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How the Government must prioritise endometriosis care for the 1.5 million

Faye Farthing

There’s no denying that endometriosis care desperately needs to improve. With 1.5million women and those assigned female at birth living with endometriosis in the UK, it’s time for the Government to take bold and urgent action to support those with the disease.

  • Health inequalities

All too often, women and those assigned female at birth have their pain ignored, told it’s normal, or that it’s “all in their head”. The average diagnosis time in the UK currently stands at a shocking 8 years – a statistic that hasn’t improved in a decade. This injustice is robbing those with the disease the future they deserve. Not only without treatment can the disease progress, but it can have a huge impact on people’s careers, education, mental health and relationships.

Getting access to the right treatment and support, at the right time and in the right place with access to skilled and experienced healthcare practitioners gives the best chance for endometriosis to be managed effectively. We work with a number of healthcare practitioners who are at the forefront of delivering patient-centred care whilst also fighting to improve endometriosis services for all. Championing patient voices, listening and believing people’s pain, and ensuring everyone gets on the right pathway to care is the experience everyone should get to have.

Historic and systematic failure to acknowledge women’s pain has contributed to such lengthy diagnosis times, as well as a lack of funding into research, societal stigma, and a lack of awareness and education resulting in many not recognising that the symptoms they are experiencing aren’t normal, and could be a sign of a menstrual health condition like endometriosis. This is even more prevalent within certain cultures and faith groups, those from the LGBTQ+ community, and anyone who has a pre-existing disability or mental health condition, many of whom face additional barriers in accessing care. Nobody should face discrimination in accessing care, and more must be done to tackle these inequalities and ensure everyone with endometriosis is heard and has access to the right care at the right time.

Times are starting to change, with improved awareness amongst healthcare practitioners, governments and employers. But we must see an overhaul of the way the NHS prioritises endometriosis patients if we are to ensure those in most need get access to care. There needs to be sufficient planning, funding and workforce to ensure endometriosis patients have their needs met.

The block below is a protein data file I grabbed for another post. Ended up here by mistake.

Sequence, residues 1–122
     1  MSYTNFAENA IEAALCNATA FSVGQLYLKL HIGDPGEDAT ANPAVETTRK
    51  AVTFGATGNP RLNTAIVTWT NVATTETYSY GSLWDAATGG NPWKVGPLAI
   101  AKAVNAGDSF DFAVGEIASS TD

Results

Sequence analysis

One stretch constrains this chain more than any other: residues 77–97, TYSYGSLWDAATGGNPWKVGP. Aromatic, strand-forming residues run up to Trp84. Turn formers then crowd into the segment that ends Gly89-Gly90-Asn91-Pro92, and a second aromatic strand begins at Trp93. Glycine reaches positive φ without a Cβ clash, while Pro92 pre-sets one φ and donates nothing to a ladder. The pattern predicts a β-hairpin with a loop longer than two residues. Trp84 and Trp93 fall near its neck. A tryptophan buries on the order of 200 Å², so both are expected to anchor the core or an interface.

The Women’s Health Strategy for England has promised some exciting change for endometriosis patients. We have welcomed the commitment to reducing the time it takes to get a diagnosis, and plans to establish new health hubs to assist with diagnosis. But again, we are left with gaps in understanding how this will be implemented. With NHS resources already stretched, and gynaecological waiting times hit harder than any other specialism since the pandemic, funding allocated to endometriosis care has never been more vital.

We are pleased NICE have agreed to update parts of their guideline on Endometriosis Diagnosis and Management.  These areas include: diagnosis including the use of imaging, surgical management, and surgical management where fertility is a priority. The Guideline was issued and adopted across the UK in 2017, but sadly not always implemented. Updating guidelines and ensuring recommendations are implemented is key to ensuring all those with the disease have access to the right care. This would be a significant change in improving endometriosis diagnosis, treatment and care; helping to reduce wasted appointments with GPs and reoccurring hospital and A&E admissions, and saving the undiagnosed years of suffering and distress.

A key change that we would like to see is an end to the term ‘benign’ when talking about endometriosis and other gynaecological health conditions. In medicine, ‘benign gynaecology’ is widely used to describe non-cancer gynaecology, and gets applied to a range of conditions including endometriosis, fibroids, adenomyosis and PCOS. Using the term benign results in conditions like endometriosis being normalised and not seen as serious, the potential severity and impact undermined, and subsequently deprioritised within the NHS at times of pressure. Over the coming weeks, we’ll be launching further details about how to get involved in the campaign. Do keep an eye on our website for further details.


Faye Farthing is Head of Communications and Campaigns at Endometriosis UK, the UK’s largest charity supporting people affected by endometriosis. Faye is passionate about tackling inequalities in healthcare and working to ensure patients are at the forefront of political change.